Interested in learning more about narcissistic abuse? Order my #1 Amazon bestselling book on narcissistic abuse, Becoming the Narcissist’s Nightmare: How to Devalue and Discard the Narcissist While Supplying Yourself


About the Author

Shahida Arabi is a graduate of Columbia University graduate school where she studied the effects of bullying across the life-course trajectory. She is the #1 Amazon bestselling author of The Smart Girl’s Guide to Self-Care and  Becoming the Narcissist’s Nightmare: How to Devalue, and Discard the Narcissist While Supplying Yourself, featured as a #1 Amazon Bestseller in three categories and in personality disorders for six consecutive months after its release. She studied Psychology and English Literature as an undergraduate at NYU, where she graduated summa cum laude. Her interests include psychology, sociology, education, gender studies and mental health advocacy. Her writing has been featured on The Huffington Post, MOGUL, Thought Catalog, and Harvard-trained psychologist Dr. Monica O’Neal’s website. Her blog, Self-Care Haven, has had millions of views from all over the world and her work has been shared by numerous mental health professionals, award-winning bloggers and bestselling authors.

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2 thoughts on “Breaking the Codependency Myth: The Power of the Trauma Bond”

  1. Mind boggling how accurate this and exactly what I went through. I had boundaries and I didn’t think what was happening was ok and no desire to stick around and “fix it”. Was very kind in my departure and agreed to be his friend and offering to maybe revisit a relationship in the future depending where we were in our lives. THAT was the ultimate challenge to this ego maniac NPD who no one leaves. What followed was the most psychologically tormenting manipulation imaginable. My life unraveled into a hell Inexplicable to anyone who hasn’t experienced this kind of abuse. I have your books and thank you so much.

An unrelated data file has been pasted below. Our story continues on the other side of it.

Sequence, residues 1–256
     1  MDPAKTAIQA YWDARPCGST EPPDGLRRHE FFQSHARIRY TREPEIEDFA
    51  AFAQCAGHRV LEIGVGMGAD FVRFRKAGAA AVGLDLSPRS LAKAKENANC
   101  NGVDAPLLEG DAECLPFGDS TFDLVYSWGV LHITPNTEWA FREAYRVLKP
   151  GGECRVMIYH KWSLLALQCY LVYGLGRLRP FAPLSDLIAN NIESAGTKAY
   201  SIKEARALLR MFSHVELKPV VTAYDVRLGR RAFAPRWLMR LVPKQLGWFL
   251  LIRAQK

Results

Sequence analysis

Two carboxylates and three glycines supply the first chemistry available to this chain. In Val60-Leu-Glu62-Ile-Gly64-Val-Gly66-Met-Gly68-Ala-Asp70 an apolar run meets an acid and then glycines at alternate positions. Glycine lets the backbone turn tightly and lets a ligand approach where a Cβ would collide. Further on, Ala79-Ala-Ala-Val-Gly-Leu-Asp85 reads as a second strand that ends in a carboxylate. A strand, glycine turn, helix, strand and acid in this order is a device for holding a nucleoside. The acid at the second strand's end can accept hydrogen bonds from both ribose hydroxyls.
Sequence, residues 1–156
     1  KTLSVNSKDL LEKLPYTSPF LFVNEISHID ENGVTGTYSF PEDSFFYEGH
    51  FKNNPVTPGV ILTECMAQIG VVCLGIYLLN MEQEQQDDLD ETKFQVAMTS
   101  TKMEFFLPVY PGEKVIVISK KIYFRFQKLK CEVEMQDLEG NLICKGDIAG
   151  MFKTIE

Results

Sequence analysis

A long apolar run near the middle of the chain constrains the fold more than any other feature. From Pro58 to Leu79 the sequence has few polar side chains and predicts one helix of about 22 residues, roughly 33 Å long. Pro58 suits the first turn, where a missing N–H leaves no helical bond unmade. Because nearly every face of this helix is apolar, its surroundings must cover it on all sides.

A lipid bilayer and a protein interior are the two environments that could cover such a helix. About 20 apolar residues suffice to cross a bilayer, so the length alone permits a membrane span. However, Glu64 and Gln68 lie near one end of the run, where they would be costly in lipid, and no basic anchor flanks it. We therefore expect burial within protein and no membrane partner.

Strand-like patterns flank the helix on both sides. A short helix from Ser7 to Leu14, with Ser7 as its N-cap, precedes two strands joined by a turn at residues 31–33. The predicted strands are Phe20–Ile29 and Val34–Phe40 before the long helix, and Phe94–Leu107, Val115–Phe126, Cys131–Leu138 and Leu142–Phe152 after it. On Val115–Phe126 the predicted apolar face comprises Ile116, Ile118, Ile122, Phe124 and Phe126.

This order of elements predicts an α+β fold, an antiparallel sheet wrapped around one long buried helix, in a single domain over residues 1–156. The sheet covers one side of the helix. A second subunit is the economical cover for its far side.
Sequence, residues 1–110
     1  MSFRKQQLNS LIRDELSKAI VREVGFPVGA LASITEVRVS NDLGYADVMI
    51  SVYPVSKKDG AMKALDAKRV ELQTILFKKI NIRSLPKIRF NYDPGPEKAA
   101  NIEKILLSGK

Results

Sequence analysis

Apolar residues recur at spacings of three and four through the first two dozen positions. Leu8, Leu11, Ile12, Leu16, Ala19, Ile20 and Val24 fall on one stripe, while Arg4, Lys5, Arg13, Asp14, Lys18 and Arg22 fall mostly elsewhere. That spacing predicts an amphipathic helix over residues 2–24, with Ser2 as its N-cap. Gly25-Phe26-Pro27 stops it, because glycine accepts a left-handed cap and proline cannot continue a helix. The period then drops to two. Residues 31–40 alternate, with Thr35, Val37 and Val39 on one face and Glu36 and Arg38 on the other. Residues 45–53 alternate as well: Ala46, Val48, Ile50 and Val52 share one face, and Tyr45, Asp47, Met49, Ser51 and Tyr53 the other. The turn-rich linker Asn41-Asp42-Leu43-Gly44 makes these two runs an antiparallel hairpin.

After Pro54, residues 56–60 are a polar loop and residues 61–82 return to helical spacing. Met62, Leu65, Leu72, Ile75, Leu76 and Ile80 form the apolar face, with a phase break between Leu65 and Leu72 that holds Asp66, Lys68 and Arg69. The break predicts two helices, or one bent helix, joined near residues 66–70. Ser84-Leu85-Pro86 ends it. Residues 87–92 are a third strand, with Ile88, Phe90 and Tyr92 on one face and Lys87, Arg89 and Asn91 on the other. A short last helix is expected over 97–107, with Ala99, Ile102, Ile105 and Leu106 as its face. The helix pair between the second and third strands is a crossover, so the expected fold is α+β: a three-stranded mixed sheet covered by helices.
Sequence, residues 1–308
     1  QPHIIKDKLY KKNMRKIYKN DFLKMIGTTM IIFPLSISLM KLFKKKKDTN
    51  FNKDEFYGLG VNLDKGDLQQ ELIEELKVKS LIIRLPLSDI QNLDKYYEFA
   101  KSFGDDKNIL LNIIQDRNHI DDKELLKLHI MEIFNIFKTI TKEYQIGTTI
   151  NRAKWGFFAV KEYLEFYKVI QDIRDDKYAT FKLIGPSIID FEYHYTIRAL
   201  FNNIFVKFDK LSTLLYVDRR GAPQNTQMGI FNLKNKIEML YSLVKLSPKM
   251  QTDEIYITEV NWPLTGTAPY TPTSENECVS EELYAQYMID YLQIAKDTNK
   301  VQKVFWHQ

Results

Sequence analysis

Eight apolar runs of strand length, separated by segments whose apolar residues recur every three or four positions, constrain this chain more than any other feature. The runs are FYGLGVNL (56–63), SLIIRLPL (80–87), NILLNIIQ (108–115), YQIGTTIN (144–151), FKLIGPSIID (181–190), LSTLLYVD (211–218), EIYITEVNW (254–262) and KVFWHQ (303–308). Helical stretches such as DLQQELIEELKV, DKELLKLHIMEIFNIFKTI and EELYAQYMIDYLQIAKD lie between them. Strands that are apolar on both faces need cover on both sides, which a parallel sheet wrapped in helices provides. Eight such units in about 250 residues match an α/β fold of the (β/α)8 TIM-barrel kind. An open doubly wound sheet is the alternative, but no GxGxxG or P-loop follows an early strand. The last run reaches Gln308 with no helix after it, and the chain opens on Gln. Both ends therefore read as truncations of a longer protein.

1. Thank you for this. Firstly, I am sorry this is so, so very long, but I wanted to share my fairly recent and very traumatic experience of what this misguided & reactionary psychiatric codependency business did to me during one of the most vulnerable times in my life and also just to for once share how I feel about the whole thing. So here goes: Starting 2yrs ago, I saw 2 therapists & 1 nurse practioner who told me I was codependent. The first, with regards to my long-term live-in boyfriend of 13yrs told me that “I didnt love him, bc I didnt accept him” and that “he couldn’t be that bad bc he had a job”?!? I suffered full-on PTSD after seeing that guy, who wasn’t even a therapist, but rather a nurse practioner I was seeing for health issues, who apparently had experience working with addictions at one of those ADS Methadone Clinics in Greensboro, NC (where I live). I looked him up and he was all over the web regarding Addiction Advocacy (I presume his real passion). So I think he naturally saw codependency everywhere. Ironically, the other 2 also had addiction specialties in their past and my take has become the next person I see will be a psychologist, who specializes in npd and abuse, and has never worked in addiction counseling, lol. In an attempt to hold him accountable, I tried to talk to an attorney about negligence with the first guy (both for the further trauma I experienced under his care-I couldnt even go to a doctor after that without having anxiety and also reliving our “sessions”, operating outside his scope of practice, and prescribing contraindicated meds with knowledge of my heart condition) as he eventually concluded that all my health issues were from psychiatric issues and attempted to put me on antipsychotics, even though i have a ventricular arrythmia and am not supposed to take a mile-long list of meds including 2 that he attempted to give me. He refused to do any tests and kept insisting I was psychotic. When I once tried to explain my boyfriend was a narcissist, he told me that my boyfriend didnt need me to be his therapist, he needed a wife?!?. His notes made it to where I got further dismissed by doctors bc of the emphasis on my relationship and an unknown psychiatric condition to which he prescribed the meds. However, every attorney told me I didnt have a case bc essentially he didnt cut off a leg. So I accepted it, tried to deal best I could and move forward, though I still relive that nightmare from time to time, mostly whenever I get anywhere near the medical or psychiatric community or when my health issues flare up. The second, an LPC who was more professional (cause who wouldnt be when compared to the first guy), but also traditional and highly clinical (i.e. impersonal & detached) told me to just focus on myself and at one point after he got on meds, he made some “intermittent efforts” and she told me he was probably becoming better bc I was more consistent now that I had been doing the codependency work (which I struggled the whole year to see & again made me worse). The third, an MSW spent the entire time talking about herself, I’d got stuck in there for 3hrs trying to leave and she just kept going on about her career and how she was African American and had worked her way to a good job. On the second session, she told me she couldnt help me with my abuse, bc I wasnt bringing her anything she could work with. And despite the fact that I’d been suffering severe health problems for 2yrs and was left unable to work I was dismissed repeatedly by both her and by 1st doc with emphasis on essentially I WAS CHOOSING to isolate myself and NEEDED to go to work despite my attempts to explain I would love to regain my independency more than anything (bc as Shadida states, yes I was a very strong & independent woman & all these years he couldn’t break me down and I think, in fact, I know he loved the challenge, I have all the traits he wishes to posess, when he’d idealize me he would express this, bc secretly it is this security and strength of character that I think many dysfunctional people envy & wish they had), however was really struggling with my health. This is actually originally when my boyfriend escalated to the point of getting physical on 2 different occassions as I was dependent and he knew it, which is when I decided I wanted to leave but was unsure how to do it and devastated that Id lose my home, which we put in his name to save our 1st time home buyers credit for our next more expensive home since this was our starter home, my car again in his name bc I wasnt working and thus wasnt on the loan, and no access to our money bc we arent married for various financial reasons over the years like college-how convenient I’d end up with nothing which he’d remind of occassionally, nowhere to go bc he ran my friends off early on & made it impossible to make new ones. And of course, I dont have any supportive family as I had limited contact with my parents at age 21 (except Xmas for now, which I do bc it means the world to my 90yr old great-grandmother who just moved here, she is the reason for all that is good in me) bc they are toxic, severely pasive-aggressive and scapegoated me up until I decided to fully cut them out of my life 4yrs ago. I had already made great strides in my life and in healing from cPTSD and in rebuilding my damaged self-worth & self-esteem from an array psychoeducational resources such as this site. This new dependency and escalation is when I sought therapy and as someone who got a BA in Psychology (eventually plan to pursue a PsyD when/if I get my health back) I was flabbergasted by my experience and even in knowing it was wrong it still did damage (or maybe more bc of that awareness). I went bc as Shahida states I had a 13yr investment in our relationship, not to mention little options for leaving and processing starting over again. The gaslighting had caused me to occassionally ponder if it was me, if I was crazy and to have a diagnosis that basically reaffirmed such negative thoughts, threw me so far off track that I am just now getting back to where I was mentally before all this started. That is what a victim-blaming diagnosis like codependency does. Therapy should never have you coming home in tears feeling like your worthless and deserving of abuse, trying to figure out what is so wrong with you that you cause all of this or worse are pathetic in your attempts to stop it, why your assertiveness isnt as good as hers, why you keep failing to lay healthy boundaries and if you just try harder… It feels like they’re saying that it would never happen to them bc they’re different. That’s the kind of blame-shifting & shaming the abuser does, you shouldn’t be gaslit twice. As if you dont give yourself enough grief for trying to figure out where you went wrong, how you were so blind, and how you wasted a good portion of your life with this person. For me this was ages 21-34, Ive never been married or had kids, I was robbed of all my good years, and now I have health issues. Being an only child no dad raised by my mom & gma, all I ever wanted was a real nuclear family. Dont get me wrong there’s still some time IF my health rebounds but… I wanted the wedding pics on my mantel, etc. I struggle with the regret everyday and try to stay positive and reorganize my cognition around what is, not getting hung up on what could/should have been. But I did everything right, tried to make better choices than my family did. So being told it’s my fault, that I let this happen!?! And that it will happen again, if I dont change. No, all of my healing came by placing the responsibility where it belonged which serves to restore my self-esteem by explaining why this occurs and that you deserved NONE OF IT-NOBODY DESERVES ABUSE, working on grief and accepting it and then going and living your life authentically, having your feelings respected, your vulnerability not turned to ammo. Engaging in real proactive mature love vs a reactive & self-centered, immature narcissist. Because everyone deserves to be loved and NOBODY ASKS FOR THIS! DESPITE [YOUR] NAIVE AND UNEMPATHETIC BLAME, I DID NOT SIGN UP FOR THIS!